“Because… because the the last time I liked someone this much…” Her voice trailed off as she lifted her shirt a few inches. Her stitches were gone and the angry red of her injury had faded to pink, but the jagged line running down her stomach still stood out against her pale skin.
“Nina…” Ned touched her scar gently.
“Yeah? What?” For the first time since they’d sat down, she looked up at him. He reached over and took her hand.
“Your hands are so cold.”
“I know. You said that before.”
“Know what me ma used to say? Cold hands, warm heart.”
“Yeah, right.” She let go of his hand and smiled dryly. “You wouldn’t say that if you knew what I’d done.”
“Love…” Ned shook his head. “I’ve done things too. Things I don’t like to think about. Nina, you don’t know who I am, do ya?”
“Yes. I do.” He face reddened a bit. “I… I sort of Googled you.”
“Sorry. I know it sounds creepy, but–”
“No, no, not that. But, er, what exactly does “Google” mean?”
She laughed. “Oh. Um, it means I looked you up. On the internet.”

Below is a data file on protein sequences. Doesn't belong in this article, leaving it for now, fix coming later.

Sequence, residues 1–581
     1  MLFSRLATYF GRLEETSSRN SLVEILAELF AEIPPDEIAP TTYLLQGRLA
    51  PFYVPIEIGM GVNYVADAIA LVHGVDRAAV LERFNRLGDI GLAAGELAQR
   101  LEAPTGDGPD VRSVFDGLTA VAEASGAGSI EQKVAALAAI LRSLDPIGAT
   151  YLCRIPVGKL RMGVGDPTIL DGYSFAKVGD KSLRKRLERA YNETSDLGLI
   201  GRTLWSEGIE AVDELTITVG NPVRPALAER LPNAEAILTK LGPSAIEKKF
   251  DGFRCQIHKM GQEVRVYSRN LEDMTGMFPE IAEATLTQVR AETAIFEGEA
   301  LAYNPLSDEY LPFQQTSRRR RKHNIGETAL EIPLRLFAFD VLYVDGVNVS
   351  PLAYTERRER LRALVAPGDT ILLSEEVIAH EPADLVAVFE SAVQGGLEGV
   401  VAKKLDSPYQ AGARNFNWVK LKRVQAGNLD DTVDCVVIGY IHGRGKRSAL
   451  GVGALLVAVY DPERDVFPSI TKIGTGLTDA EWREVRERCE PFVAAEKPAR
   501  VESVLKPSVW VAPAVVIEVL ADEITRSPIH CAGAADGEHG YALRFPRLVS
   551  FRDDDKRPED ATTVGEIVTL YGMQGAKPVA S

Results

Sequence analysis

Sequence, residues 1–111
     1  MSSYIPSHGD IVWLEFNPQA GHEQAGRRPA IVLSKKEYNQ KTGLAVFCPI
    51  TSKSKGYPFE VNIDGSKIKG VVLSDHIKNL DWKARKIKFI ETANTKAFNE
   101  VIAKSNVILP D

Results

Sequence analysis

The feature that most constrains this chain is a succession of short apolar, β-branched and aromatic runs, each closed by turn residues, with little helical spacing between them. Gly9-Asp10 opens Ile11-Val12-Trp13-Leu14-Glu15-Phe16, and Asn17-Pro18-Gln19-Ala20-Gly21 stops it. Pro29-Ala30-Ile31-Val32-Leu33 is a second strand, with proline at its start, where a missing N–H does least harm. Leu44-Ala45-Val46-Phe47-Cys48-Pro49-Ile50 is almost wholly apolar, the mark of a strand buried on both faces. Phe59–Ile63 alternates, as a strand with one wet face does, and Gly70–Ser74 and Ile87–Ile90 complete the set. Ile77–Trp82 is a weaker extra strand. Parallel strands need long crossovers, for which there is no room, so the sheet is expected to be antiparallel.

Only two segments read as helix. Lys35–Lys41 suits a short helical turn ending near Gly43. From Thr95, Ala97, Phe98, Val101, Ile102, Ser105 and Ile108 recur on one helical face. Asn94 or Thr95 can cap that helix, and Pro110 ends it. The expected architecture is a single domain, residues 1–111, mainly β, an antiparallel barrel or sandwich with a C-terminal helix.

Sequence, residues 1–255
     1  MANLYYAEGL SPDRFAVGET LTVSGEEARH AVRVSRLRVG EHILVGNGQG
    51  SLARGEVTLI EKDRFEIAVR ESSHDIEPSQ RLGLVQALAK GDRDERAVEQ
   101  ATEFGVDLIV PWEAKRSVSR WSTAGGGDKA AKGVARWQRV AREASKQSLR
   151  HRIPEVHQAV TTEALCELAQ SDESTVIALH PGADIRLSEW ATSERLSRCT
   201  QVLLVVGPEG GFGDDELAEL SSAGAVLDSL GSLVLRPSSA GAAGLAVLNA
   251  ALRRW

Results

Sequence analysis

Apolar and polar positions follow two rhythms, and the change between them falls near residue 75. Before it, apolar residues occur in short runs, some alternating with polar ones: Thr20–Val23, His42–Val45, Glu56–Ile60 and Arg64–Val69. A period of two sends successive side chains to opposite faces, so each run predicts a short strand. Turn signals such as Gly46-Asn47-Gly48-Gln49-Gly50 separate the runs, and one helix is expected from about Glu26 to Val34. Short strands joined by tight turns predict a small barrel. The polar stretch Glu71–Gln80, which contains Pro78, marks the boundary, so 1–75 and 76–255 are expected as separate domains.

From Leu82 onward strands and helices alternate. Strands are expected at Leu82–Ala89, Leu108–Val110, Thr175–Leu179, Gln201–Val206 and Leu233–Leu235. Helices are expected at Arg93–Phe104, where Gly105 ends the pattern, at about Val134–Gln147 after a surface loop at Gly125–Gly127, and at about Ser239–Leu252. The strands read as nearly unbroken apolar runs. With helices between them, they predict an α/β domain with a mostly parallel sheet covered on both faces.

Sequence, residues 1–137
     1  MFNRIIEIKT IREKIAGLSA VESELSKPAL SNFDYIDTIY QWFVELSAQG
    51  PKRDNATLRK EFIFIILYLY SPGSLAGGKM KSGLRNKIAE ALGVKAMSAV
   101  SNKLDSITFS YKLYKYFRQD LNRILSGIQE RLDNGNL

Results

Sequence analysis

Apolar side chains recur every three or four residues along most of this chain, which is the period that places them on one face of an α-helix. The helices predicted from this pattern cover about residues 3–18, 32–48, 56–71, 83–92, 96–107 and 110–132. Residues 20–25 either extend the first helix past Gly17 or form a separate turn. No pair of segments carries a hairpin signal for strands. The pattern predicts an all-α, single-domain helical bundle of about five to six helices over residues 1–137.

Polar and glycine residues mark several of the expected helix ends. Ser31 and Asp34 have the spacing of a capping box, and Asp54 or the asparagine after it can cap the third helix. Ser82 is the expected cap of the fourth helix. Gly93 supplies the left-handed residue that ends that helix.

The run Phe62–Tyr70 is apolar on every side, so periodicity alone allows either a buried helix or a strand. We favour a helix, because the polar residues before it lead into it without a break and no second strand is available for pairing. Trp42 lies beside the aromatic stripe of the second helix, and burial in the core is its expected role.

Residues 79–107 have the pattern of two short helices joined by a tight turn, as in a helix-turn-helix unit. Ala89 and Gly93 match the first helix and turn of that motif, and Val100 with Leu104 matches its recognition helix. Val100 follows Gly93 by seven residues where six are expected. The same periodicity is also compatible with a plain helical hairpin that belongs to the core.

“Oh. Then… you know.”
“Know? Know what? Ned, you’re a hero.”
He sighed. “Don’t say that.”
“Say what? It’s true. Those policemen were hurting people, and you stood up to them. That’s something I could never do.” She looked back down at the floor. “That’s why you’re a hero and I’m just a bad guy.”
“Love, I really like ya. But if ya think that, I have to assume you’re a bit off your head. You could never be a bad guy. You’re much too pretty.”
“Nina, stop it. Of course really.”
“Right. I guess I’m not a bad guy…”
“That’s more like it. ”
“No, a bad guy at least stands for something, even if it’s wrong. I’m just that one sleazy coward in every movie that everyone hates. I’m not good or bad, I’m just selfish. And in the end, people like me always get what’s coming to us.”
Ned stared at her for a second. “Nina Karolak, I apologize in advance for swearin’ at ya, but that is a bloody load of fuckin’ horse shit.”
“No. You’re wrong. You could’ve let the yellow bastard kill me that day we met. But ya didn’t.” He touched her scar again. “You knew this would happen, didn’t ya?”
“Well, yeah, I did, but…”